D. Bridging the gap (R. v. Mcneil)

Author:Steve Coughlan
Profession:Professor of Law. Dalhousie University

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MCNEIL is meant to be a response to the fact that some documents, although not in the hands of the Crown and therefore not subject to Stinchcombe disclosure, ought obviously to be provided to the accused and certainly would be if an O’Connor application were brought. MCNEIL is intended to simplify the process for producing such records to the accused. In such cases (that is, where the Crown becomes aware of potentially relevant records in the hands of a third party) the Crown has a duty to inquire and obtain the evidence, rather than require the accused to pursue an O’Connor application.144The decision specifically lists some such types of evidence, but also lays down general rules around this new duty for the Crown.

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The particular records in issue in MCNEIL were police disciplinary records and criminal investigation files relating to the main police witness. The Court rejected the suggestion that all state authorities, or even just the police and prosecutors, were indivisible for disclosure purposes. That assumption, it held, would require the Crown to make inquiries of every federal and provincial government department as well as every police force to see whether it might have relevant information. That does not mean, however, that the Crown can merely be passive. Rather, when aware of relevant information that it could obtain the Crown has a duty to seek it out.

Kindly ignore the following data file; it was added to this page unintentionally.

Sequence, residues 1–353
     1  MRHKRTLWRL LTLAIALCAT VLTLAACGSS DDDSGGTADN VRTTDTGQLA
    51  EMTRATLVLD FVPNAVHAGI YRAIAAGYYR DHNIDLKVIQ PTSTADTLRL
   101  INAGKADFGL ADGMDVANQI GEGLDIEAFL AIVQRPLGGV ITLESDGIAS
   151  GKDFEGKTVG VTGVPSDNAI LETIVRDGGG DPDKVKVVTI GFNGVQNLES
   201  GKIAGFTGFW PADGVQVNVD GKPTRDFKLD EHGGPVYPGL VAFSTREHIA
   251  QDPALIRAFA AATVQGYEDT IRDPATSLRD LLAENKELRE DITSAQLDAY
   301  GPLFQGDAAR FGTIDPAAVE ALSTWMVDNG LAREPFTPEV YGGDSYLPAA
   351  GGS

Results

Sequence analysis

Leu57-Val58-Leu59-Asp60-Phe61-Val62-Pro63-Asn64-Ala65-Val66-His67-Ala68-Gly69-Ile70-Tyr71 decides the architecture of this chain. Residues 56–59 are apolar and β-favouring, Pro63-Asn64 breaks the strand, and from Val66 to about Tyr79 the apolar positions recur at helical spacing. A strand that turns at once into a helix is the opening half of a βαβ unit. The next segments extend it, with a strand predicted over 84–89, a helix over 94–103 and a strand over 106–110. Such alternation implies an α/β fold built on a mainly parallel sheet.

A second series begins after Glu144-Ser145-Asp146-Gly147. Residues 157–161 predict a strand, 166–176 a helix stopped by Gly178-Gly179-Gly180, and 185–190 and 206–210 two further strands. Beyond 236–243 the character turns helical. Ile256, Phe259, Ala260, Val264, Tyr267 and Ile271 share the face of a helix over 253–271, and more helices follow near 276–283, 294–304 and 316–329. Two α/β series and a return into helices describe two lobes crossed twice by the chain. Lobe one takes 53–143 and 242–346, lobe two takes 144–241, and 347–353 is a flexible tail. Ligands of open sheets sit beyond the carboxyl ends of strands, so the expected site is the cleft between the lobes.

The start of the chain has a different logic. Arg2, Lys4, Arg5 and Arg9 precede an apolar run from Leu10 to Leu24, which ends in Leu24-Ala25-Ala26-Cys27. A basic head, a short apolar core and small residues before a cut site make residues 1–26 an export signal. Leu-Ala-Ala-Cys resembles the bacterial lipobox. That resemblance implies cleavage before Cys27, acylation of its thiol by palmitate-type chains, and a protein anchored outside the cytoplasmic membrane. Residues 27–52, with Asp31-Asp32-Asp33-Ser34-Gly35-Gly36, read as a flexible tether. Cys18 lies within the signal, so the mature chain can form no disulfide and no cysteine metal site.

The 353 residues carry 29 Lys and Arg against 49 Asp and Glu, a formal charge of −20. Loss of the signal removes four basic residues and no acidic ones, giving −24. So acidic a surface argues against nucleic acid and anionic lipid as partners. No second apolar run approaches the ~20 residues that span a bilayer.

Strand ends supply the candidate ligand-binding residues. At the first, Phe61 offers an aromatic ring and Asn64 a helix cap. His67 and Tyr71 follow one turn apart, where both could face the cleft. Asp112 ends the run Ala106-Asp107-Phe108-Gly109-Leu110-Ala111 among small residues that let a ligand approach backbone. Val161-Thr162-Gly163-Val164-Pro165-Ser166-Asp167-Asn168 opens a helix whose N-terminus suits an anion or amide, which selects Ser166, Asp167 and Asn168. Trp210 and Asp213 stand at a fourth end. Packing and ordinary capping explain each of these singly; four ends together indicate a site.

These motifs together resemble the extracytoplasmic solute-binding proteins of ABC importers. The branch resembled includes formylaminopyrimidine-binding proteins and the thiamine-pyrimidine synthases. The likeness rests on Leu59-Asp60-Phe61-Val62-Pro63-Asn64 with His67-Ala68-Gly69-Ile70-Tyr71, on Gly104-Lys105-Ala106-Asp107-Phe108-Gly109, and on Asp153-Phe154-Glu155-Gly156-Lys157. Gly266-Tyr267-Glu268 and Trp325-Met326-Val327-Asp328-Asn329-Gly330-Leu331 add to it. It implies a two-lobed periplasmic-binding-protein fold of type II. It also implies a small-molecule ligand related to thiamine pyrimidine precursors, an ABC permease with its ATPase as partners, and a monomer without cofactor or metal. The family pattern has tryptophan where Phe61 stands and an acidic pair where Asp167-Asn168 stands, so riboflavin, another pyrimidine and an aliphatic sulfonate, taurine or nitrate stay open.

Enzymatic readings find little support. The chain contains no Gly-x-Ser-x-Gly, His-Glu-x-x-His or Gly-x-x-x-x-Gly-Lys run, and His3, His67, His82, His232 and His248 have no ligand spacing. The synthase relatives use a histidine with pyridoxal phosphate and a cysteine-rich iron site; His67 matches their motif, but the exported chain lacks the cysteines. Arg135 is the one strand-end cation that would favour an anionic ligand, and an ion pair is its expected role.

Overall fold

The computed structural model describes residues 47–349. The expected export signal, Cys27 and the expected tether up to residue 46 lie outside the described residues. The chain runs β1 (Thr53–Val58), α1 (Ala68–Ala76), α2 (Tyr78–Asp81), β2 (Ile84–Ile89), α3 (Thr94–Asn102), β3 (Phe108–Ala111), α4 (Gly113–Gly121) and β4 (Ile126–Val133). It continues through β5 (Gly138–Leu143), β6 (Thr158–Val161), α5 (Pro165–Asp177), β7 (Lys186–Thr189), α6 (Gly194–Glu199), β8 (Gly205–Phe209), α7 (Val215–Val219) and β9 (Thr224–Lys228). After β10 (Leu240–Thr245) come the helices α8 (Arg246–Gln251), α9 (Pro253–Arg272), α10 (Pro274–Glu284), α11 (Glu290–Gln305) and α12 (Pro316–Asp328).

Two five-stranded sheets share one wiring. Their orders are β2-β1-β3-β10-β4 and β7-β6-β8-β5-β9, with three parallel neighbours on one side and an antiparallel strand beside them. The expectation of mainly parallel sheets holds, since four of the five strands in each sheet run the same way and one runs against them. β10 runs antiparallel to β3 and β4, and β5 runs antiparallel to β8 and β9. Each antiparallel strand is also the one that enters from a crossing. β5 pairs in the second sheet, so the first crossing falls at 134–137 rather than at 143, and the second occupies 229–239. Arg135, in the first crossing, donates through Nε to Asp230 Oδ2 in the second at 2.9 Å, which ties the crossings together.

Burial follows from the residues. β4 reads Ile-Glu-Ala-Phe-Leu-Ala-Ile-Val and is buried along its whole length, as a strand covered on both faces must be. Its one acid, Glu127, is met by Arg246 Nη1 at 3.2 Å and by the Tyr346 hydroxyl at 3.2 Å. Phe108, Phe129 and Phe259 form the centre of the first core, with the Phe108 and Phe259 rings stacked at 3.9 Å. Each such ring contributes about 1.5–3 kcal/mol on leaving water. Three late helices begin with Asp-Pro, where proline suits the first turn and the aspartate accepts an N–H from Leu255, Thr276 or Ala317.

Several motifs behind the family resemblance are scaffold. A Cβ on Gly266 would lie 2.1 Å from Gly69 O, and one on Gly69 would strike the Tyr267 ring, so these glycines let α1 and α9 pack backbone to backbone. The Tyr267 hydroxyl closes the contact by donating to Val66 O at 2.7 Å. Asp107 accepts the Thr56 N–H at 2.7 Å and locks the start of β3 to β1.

In addition, the police have a corollary duty to disclose disciplinary records which could be relevant to the Crown, so that they can form part of the first-party disclosure package. The Court specifically listed five types of records which fell within this police duty:

  1. Any conviction or finding of guilt under the Canadian Criminal Code or under the Controlled Drugs and Substances Act for which a pardon has not been granted;

  2. Any outstanding charges under the Canadian Criminal Code or the Controlled Drugs and Substances Act;

  3. Any conviction or finding of guilt under any other federal or provincial statute;

  4. Any finding of guilt for misconduct after a hearing under the Police Services Act or its predecessor Act;

  5. Any current charge of misconduct under the Police Services Act for which a Notice of Hearing has been issued.145This list is usually referred to as the "Ferguson five." Records such as these ought to be provided by the Crown without prompting, though the officer concerned ought to be given notice of the intention to disclose and to have the...

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